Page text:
Alcohol consumption was measured using Alcohol Use Disorders Identification Test-C (AUDIT-C). AUDIT-C is a widely used and validated screening instrument of alcohol use. It comprises three questions on the frequency and quantity of alcohol consumption. We used the following cut-offs for risk-drinker: 6 or more points in men and 5 or more points in women .
The following variables were used to measure the respondents’ health . Self-rated health (SRH) was measured with the question “How would you describe your health in general?”. Response options were very good, good, fair, poor and very poor. In the statistical analysis the options were dichotomised into good (very good or good) and poorer than good (fair, poor or very poor) SRH.
Illnesses were measured with the following question: Do you have any of the following illnesses (with answer options No; Yes, but no discomfort; Yes, minor discomfort; Yes, severe discomfort)? Illnesses included high blood pressure, and the last three categories were combined to Yes.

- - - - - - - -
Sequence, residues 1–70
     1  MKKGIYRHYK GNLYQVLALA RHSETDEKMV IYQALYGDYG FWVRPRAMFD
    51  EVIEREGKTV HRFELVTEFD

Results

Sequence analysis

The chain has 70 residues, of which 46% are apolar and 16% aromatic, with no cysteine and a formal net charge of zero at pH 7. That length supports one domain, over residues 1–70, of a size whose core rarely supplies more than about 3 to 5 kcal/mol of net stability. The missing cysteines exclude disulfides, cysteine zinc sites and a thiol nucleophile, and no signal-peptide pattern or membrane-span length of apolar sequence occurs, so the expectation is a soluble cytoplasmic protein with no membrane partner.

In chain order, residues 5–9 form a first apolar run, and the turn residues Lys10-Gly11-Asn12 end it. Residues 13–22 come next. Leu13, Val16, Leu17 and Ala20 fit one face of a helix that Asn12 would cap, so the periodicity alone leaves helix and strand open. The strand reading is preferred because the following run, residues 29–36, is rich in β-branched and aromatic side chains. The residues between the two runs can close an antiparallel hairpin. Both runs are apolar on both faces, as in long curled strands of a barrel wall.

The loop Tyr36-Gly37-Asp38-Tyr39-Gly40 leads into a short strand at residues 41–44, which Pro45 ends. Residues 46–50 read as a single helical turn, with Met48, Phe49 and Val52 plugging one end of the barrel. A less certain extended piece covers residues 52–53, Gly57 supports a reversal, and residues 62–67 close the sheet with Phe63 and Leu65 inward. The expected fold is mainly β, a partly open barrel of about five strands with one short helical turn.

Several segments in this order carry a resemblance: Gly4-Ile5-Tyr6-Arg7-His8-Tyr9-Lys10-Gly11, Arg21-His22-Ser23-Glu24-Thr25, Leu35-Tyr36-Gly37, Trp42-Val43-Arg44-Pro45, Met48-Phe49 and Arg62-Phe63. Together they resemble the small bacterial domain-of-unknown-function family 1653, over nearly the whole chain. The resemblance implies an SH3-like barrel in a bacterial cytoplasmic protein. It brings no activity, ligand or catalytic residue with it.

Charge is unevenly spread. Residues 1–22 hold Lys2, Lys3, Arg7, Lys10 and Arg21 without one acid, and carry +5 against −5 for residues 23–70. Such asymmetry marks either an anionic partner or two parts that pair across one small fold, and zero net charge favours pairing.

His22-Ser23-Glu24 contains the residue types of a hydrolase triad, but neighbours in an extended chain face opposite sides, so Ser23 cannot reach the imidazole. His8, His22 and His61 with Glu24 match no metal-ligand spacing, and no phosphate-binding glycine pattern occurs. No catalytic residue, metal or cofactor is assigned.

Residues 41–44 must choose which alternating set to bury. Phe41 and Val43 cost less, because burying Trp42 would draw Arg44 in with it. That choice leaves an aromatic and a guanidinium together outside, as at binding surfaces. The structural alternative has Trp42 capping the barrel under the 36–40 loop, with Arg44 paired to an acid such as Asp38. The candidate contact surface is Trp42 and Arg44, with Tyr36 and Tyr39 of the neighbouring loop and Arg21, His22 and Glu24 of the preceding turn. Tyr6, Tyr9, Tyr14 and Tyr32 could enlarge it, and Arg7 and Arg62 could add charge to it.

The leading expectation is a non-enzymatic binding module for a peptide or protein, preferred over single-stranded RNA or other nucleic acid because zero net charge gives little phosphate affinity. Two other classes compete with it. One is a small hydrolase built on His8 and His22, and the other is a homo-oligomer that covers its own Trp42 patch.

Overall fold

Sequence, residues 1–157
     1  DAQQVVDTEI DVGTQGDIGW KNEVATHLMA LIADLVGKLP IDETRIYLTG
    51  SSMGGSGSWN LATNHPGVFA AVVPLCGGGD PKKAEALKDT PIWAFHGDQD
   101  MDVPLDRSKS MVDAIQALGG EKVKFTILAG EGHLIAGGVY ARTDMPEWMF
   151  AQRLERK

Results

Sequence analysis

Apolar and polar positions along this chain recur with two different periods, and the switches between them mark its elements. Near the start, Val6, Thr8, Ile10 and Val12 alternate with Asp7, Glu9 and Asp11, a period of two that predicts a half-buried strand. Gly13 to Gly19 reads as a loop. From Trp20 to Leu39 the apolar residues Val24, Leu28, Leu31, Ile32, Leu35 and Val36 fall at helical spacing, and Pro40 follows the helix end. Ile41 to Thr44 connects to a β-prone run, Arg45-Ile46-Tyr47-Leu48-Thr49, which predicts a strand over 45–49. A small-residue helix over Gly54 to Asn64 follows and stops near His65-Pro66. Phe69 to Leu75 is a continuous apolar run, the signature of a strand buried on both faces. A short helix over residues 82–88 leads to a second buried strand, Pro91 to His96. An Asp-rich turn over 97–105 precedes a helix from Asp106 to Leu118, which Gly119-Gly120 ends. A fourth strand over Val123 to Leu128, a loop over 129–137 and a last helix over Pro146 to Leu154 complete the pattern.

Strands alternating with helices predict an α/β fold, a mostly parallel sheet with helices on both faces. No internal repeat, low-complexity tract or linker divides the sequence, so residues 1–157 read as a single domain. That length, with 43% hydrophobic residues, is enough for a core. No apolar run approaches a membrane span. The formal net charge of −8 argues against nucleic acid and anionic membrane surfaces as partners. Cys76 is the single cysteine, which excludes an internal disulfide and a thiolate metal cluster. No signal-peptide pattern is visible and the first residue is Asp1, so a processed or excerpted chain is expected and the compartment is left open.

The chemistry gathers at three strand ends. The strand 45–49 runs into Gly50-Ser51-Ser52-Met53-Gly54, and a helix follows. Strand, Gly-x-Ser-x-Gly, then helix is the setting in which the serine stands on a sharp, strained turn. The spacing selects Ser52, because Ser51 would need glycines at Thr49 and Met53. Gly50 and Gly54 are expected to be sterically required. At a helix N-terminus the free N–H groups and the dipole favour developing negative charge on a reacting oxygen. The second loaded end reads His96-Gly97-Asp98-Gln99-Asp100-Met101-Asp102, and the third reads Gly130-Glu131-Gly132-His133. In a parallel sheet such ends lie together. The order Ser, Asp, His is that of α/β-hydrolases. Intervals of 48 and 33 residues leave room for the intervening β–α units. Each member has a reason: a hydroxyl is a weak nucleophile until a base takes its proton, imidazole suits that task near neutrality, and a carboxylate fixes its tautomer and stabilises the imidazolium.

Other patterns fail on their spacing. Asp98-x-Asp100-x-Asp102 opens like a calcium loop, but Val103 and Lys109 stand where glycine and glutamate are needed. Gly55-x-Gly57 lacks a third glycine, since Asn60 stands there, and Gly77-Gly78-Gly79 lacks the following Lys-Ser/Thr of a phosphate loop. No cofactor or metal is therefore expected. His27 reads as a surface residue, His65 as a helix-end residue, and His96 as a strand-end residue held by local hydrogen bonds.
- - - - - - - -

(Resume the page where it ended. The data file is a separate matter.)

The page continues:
Symptoms were derived from the question: Do you have any of the following discomforts or symptoms? These included “aches in the shoulders or neck”, “sleeping difficulties” and “anxiety or worry”. The answer categories were No; Yes, minor discomfort and Yes, severe discomfort, where the two latter categories were combined to Yes.
Stress was measured with the question “Do you feel stressed at present? By stressed, we mean a condition where you feel tense, restless, nervous, uneasy or unable to concentrate.” The answer options were Not at all; To some extent; Quite a lot and Very much, where the last three options were defined as having stress.